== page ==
1949 – 1956
The first BR crest was something of a misnomer, since it implies a heraldic device, and this it most certainly was not. It was a symbol devised by the Railway Executive of the British Transport Commission for use on its locomotives, and was referred to as a “totem”, and as such British Railways was entitled to display it in whatever manner they chose, The ‘directive’ issued stated that it should face FORWARD on BOTH SIDES of locomotives. There was no question of the College of Heralds being involved, since it was not a heraldic device.
In this respect therefore, the contemporary literature is correct, particularly the reprint of the “Railway Pictorial and Locomotive Review” brochure from July 1949,which in reference to the general details and planned applications is correct. This is also borne out in photographs of the period. I have not yet come across any with the crest facing the rear of the locomotive on the right hand side.
1949 cabside number layout
1949 locomotive livery colours and lining
The first colours and lettering remained in place until the end of steam traction, with the exception of the blue livery for express passenger types. In the early 1960s, regional variations in colours occurred, but the only major change in totem, crest or logo took place in 1956, before the corporate style with the double arrow totem appeared everywhere until, and in some cases after privatization.
1956 – 1968
The second style of crest was a heraldic device, and registered as such with the College of Heralds. Or, more precisely, the College of Arms in England, and the Lyon court in Scotland. The badge comprised a demi-lion rampant (not a lion and mangle wheel, or even a ferret and dartboard!!) – the British Lion, holding between the paws a silver locomotive wheel.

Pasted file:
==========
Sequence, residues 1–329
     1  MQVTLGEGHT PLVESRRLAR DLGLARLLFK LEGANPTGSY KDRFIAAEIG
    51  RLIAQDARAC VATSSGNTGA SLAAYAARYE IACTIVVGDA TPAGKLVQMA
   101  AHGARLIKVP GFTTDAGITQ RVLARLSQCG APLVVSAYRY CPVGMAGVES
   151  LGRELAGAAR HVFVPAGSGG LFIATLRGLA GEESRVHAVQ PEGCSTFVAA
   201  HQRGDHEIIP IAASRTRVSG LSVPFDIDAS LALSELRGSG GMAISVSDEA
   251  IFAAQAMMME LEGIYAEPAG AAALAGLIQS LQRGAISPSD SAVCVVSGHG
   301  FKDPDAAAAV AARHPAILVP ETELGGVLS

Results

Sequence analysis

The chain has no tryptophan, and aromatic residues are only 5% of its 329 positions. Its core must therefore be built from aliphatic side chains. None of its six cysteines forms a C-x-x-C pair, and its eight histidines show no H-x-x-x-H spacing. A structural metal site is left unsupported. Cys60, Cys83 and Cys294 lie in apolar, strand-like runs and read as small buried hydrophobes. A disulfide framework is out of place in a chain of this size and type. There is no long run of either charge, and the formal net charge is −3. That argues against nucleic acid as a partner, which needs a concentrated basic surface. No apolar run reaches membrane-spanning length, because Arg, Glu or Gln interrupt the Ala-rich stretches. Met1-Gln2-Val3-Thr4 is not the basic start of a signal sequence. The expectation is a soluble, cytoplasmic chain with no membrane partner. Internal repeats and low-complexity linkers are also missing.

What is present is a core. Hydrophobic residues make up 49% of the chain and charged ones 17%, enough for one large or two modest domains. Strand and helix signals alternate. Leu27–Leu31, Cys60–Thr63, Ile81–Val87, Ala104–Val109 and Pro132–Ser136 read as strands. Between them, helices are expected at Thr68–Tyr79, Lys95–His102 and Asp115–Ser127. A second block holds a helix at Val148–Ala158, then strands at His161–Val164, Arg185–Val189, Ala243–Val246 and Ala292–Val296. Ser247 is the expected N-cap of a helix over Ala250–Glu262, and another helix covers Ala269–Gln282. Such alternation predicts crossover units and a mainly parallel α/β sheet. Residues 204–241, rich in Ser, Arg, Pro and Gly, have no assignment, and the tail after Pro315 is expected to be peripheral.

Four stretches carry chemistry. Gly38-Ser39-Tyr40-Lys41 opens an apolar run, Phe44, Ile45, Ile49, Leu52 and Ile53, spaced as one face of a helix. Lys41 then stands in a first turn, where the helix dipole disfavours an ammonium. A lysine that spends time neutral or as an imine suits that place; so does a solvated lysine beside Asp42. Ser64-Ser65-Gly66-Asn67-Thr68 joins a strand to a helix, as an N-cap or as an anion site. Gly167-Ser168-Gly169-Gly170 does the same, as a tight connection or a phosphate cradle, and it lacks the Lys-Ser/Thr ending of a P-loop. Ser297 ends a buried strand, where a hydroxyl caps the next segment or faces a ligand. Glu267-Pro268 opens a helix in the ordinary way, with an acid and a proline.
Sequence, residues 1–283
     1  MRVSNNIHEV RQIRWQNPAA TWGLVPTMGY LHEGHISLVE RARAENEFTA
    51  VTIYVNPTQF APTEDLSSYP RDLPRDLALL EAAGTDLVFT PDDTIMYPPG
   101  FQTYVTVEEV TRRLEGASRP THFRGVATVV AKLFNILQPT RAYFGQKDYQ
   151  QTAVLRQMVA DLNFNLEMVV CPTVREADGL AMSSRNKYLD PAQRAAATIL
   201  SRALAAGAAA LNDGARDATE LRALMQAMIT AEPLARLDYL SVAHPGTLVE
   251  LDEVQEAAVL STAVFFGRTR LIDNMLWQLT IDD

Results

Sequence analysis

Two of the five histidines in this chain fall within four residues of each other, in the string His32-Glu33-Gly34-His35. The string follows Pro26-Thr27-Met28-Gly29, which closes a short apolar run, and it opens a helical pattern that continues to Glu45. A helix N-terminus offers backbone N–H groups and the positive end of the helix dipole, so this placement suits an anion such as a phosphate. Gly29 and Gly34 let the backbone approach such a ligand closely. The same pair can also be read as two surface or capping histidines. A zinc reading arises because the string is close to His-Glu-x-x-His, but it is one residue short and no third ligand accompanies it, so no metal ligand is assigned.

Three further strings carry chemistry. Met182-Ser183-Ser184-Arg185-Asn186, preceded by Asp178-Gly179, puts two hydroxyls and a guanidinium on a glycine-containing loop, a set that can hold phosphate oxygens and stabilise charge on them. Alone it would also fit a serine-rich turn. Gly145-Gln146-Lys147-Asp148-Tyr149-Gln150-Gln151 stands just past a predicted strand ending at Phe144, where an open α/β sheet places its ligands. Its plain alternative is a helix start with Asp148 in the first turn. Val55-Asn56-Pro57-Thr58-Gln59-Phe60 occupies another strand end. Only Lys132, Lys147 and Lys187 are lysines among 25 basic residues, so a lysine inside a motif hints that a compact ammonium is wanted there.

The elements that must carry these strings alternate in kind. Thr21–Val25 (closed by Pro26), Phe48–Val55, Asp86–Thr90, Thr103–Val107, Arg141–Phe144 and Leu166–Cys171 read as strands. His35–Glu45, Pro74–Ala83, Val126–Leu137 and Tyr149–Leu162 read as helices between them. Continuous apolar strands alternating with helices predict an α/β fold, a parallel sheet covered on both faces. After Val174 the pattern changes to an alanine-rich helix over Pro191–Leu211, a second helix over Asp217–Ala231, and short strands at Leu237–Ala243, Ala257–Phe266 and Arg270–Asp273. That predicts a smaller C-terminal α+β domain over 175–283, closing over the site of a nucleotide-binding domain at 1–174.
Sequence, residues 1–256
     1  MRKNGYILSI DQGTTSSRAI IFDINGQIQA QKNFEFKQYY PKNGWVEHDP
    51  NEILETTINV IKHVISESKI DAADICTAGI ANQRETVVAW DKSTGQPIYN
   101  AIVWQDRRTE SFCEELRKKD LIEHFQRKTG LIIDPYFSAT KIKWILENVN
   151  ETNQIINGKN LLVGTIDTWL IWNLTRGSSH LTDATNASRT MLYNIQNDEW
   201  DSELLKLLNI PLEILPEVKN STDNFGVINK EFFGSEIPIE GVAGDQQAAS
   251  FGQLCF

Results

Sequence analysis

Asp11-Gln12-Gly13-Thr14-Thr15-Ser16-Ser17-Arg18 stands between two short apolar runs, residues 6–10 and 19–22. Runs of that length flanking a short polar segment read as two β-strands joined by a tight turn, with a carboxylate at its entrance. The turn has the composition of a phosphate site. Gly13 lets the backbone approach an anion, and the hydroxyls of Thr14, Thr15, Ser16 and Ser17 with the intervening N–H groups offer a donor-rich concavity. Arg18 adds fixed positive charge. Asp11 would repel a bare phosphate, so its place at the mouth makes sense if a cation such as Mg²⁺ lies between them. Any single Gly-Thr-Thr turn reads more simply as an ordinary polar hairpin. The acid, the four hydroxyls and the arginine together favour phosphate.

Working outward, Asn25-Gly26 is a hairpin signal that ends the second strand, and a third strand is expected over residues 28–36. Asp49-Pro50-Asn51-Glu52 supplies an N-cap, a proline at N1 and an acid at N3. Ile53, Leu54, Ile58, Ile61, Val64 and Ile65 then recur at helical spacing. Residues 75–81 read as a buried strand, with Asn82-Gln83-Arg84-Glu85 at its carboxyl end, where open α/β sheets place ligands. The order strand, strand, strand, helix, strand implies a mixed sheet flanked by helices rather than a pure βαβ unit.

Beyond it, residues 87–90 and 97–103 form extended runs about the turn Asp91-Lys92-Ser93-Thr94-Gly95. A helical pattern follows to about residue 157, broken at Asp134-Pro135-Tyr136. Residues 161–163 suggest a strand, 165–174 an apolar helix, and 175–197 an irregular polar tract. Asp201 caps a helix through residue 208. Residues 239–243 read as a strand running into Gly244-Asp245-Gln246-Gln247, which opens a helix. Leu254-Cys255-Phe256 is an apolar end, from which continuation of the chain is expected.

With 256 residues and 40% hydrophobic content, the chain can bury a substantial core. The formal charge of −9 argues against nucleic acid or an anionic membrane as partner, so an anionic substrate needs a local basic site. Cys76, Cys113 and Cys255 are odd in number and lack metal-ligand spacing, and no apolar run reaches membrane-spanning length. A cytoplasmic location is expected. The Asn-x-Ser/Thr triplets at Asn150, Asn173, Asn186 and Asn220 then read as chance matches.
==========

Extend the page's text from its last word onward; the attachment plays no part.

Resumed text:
The lion was issuant from an heraldic crown of gold on which were arranged the rose, (for England) the thistle (for Scotland) the leek (for Wales), completed by an oak leaf representing all Great Britain. The whole was enclosed in a gold circle and flanked by the words “British Railways” in serif gold lettering. The design was prepared in consultation with Dr. C.A.H.Franklyn. The first locomotive to display the new crest was BR Standard Class 7MT No. 70016 “Ariel” at Marylebone Station on 21st June 1956.
Quite a number of’ locomotives were turned out in 1956/7 with the crest facing forward on both sides, which would suggest that an assumption was made on the part of the depot staff that its application on a locomotive was to be the same as the earlier 1949 “totem” – with the lion always facing forward. Not all depots would have made that assumption, obviously, hence there were only a small number of locomotives turned out with the crests facing forward on both sides. The College of Heralds/Arms were quick to point out that wherever any part of the achievement was used, the lion must be heraldically correct, consequently the lion was always supposed to face left. I was going to state ALWAYS. FACED LEFT, but this would not strictly be correct, since there are numerous photos illustrating crests facing forward on the right hand side, i.e; the lion would be right facing.
These notes relate to the circumstances of application of the crests and the change(s) insisted on by the heraldic authorities when crests were applied incorrectly for a short period. It is not possible to state, at-the time of writing, the precise dates when the “change” referred to in the 1956 crests was insisted upon by the authorities concerned.
The obvious suggestion to be made is that since the application of new paint schemes, insignia, etc., was so much in the public eye, it would not be unreasonable to EXPECT a maximum time limit for “regular” mis-application of the new 1956 transfers to be in the vicinity of SIX MONTHS; from between June and December 1956. References to the new crest are contained in the “Railway Observer” for July 1956. It has not so far proved possible to locate any reference to the “changes”. No such difficulties apply to the earlier crest used between 1949 and 1956, and the principally correct reference source is the one mentioned.
Again, contemporary photographs of the later crest can be found in either private collections, or albums, or the principal magazines of the period, including a number of photographic books. In particular, the “Railway Magazine” and “Trains Illustrated” for 1956/7.